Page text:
Our researchers are investigating how tuberculosis-causing bacteria evade the immune system. This information is being used to develop new strategies to boost the immune response to chronic tuberculosis infection.
Tuberculosis is caused by infection with the bacterium Mycobacterium tuberculosis. Most commonly, tuberculosis occurs in the lungs.
People become infected with M. tuberculosis by inhaling the bacterium. Within the lungs, the bacterium is engulfed by immune cells called macrophages. For other types of bacteria, this will kill the bacteria. However, M. tuberculosis bacteria can survive and reproduce within macrophages.
Tuberculosis-infected macrophages trigger other immune cells to attack them. This leads to inflammation, with a mass of immune cells surrounding the infected macrophages.
In 90 per cent of people infected with M. tuberculosis, the infection becomes ‘dormant’. They do not show any symptoms of the infection, but the infection persists within their body.
In some people, the infection becomes ‘active’. The growth of M. tuberculosis bacteria leads to lung damage. Symptoms of active tuberculosis in the lungs include:
When someone has an active tuberculosis infection, they are able to spread bacteria to other people through their respiratory fluids.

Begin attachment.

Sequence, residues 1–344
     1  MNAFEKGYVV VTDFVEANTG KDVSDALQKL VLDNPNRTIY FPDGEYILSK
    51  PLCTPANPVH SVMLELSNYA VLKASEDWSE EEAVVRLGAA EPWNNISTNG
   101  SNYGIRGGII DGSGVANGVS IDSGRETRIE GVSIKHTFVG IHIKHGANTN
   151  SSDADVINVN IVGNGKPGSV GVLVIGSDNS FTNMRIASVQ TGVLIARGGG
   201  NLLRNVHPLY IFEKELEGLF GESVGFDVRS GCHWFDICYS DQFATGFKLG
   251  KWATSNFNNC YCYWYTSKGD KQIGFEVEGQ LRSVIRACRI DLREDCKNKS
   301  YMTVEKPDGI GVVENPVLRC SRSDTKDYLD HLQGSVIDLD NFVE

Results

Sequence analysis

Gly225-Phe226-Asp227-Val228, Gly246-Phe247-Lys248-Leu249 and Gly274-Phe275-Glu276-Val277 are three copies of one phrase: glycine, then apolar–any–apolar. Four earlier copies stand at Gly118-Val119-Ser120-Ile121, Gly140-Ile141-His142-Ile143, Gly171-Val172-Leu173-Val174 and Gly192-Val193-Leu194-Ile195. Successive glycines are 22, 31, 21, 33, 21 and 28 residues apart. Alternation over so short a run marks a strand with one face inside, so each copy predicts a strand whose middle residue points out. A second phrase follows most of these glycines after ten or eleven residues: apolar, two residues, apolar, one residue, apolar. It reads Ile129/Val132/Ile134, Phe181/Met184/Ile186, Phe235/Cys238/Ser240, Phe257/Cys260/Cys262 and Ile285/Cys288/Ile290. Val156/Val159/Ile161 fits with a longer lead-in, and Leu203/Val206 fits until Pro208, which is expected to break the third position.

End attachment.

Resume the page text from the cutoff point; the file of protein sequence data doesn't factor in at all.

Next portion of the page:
Occasionally M. tuberculosis bacteria can spread from the lungs to other parts of the body such as bones or the central nervous system. This can cause a variety of symptoms depending on the site of the infection, such as, for bone tuberculosis, swelling, pain and deformation of joints; or for central nervous system tuberculosis, headaches, confusion and seizures.
It is estimated that 1.8 billion people worldwide are infected with M. tuberculosis. Of these, around 10 million have active illness. Tuberculosis causes 1.5 million deaths each year.
There is a vaccine for tuberculosis, called BCG, but it is not effective in all people. Vaccination may reduce the risk of children developing serious tuberculosis disease. Researchers are working to develop a more effective vaccine for tuberculosis.
Tuberculosis is treated with antibiotics that kill the bacteria. Treatment must be given for six to nine months to completely eliminate the infection.
M. tuberculosis can become resistant to antibiotics. The spread of these antibiotic-resistant strains is reducing the success of current treatments. The increasing prevalence of ‘multidrug resistant’ or ‘extensively drug resistant’ tuberculosis strains is leading to the possibility of tuberculosis becoming an incurable disease. Our research into new treatments for tuberculosis is focused on bolstering immune responses to clear infection.